As a non-profit and portal for education that advocates “for a radically new way of thinking about the way we build our world,” the Strong Towns movement isn’t solely about food. But food, and getting people fed, is one key component of being a strong town.
Last week was Food Week at Strong Towns:
“We shared a ton of stories about local food—how restaurants and their employees have been impacted by the pandemic, why growing your own food is an essential part of building a strong town, how a small Texas town is turning to native plants to help shore up their economy, and more. Find all our Food Week articles here.”
The week concluded on Friday with a profile of an essential writer for Strong Towns advocates, and he’s a Kentuckian we know quite well: poet, essayist, novelist and farmer Wendell Berry, who turned 86 on August 5.
If anything, Berry’s work came to mind even more often this week, as we ran a series of articles exploring the importance of developing healthier and more resilient food economies. I thought, for example, of his 1991 essay “Conservation and Local Economy.” There, Berry describes how rural communities and rural places have been devastated by an extractive economy often controlled by people and forces in remote cities. The way forward—and I believe this applies not just to our small towns, but for people working to build strength and resilience everywhere—starts at the local level and from the bottom-up.
Strong Towns is the brainchild of Minnesotan Charles Marohn, a professional engineer and land use planner who authored the book Strong Towns: A Bottom-Up Revolution to Rebuild American Prosperity. Marohn introduced Food Week in a column, “It’s Time to Fix Our Fragile Food Systems,” an excerpt from which is reprinted here.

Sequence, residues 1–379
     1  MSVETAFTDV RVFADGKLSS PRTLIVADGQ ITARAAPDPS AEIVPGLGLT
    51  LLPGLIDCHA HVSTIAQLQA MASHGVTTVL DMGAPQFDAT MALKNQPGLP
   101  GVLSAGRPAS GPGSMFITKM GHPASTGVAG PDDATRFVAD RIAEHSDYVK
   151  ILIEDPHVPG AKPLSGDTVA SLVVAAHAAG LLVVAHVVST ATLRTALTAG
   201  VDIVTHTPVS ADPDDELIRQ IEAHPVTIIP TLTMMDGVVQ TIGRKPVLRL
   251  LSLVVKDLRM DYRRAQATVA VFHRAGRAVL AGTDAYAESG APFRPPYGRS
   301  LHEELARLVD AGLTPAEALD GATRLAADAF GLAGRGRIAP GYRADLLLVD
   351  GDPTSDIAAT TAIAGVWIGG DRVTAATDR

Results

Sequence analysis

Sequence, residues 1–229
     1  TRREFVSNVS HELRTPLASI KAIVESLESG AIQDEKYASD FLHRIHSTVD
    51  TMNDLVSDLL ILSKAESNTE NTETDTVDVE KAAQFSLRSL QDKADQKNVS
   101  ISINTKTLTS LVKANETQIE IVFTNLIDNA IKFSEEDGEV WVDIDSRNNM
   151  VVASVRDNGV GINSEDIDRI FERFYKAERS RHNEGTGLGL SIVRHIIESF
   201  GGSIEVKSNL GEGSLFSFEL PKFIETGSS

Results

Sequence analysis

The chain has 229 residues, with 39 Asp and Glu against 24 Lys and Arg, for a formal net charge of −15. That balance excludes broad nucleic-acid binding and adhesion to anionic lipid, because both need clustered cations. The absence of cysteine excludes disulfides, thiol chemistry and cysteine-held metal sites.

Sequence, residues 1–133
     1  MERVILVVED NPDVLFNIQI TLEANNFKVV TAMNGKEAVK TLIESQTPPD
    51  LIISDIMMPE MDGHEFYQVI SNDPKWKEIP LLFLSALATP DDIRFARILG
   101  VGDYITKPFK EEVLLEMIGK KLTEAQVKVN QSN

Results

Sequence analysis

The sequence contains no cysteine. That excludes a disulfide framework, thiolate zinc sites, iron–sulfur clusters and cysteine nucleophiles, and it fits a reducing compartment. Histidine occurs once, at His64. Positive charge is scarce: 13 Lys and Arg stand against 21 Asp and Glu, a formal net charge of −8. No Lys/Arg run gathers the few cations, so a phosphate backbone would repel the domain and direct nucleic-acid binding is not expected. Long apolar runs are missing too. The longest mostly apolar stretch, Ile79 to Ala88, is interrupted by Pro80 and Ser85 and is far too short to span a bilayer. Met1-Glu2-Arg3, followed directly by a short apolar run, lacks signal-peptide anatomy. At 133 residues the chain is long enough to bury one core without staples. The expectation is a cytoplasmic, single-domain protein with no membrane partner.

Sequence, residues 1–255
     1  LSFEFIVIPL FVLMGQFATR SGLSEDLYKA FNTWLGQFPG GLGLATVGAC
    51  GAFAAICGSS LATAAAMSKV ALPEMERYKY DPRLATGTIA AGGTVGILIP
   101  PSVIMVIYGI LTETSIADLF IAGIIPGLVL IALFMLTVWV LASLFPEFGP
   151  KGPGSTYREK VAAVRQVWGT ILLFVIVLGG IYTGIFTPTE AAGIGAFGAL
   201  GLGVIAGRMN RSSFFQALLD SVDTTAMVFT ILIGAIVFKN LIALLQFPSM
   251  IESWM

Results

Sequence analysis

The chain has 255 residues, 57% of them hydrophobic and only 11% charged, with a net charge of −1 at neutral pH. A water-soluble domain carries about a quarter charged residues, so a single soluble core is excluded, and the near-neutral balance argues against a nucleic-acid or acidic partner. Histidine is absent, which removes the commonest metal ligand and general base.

The system of planting, growing, harvesting, processing, and delivering our food is long and complicated. When farmers were killing their chickens and hogs in the early days of the pandemic—not because there weren’t hungry people who would use them but because there was no market mechanism to switch supply chains rapidly enough to preserve the value of the livestock—it set off alarm bells.
We have no slack in this food system, yet almost all of us depend on it to survive.
Local food is the easiest and most immediately profitable way for a community to build its resiliency. Nearly every community in North America could produce the bulk of its own food and have the security that comes with it.
Instead of paying transportation costs for a global supply chain, that money shifts to paying local labor. Instead of shipping your money out of the community, it passes around within, growing your wealth.
And let’s just be clear: local food generally tastes better. It’s fresher, requires fewer preservatives and chemicals, and is full of flavor. Once you’ve had farm fresh eggs, it’s really hard to buy them from the big box grocery store (where, in my experience, the cost is the same).
With local food, a community can grow more resilient, build its own wealth, provide opportunity for local entrepreneurs, and enjoy a higher quality of life in the process. It’s very Strong Towns.
Full disclosure: I’m a dues-paying member of Strong Towns.
Photo credit: Marohn’s article.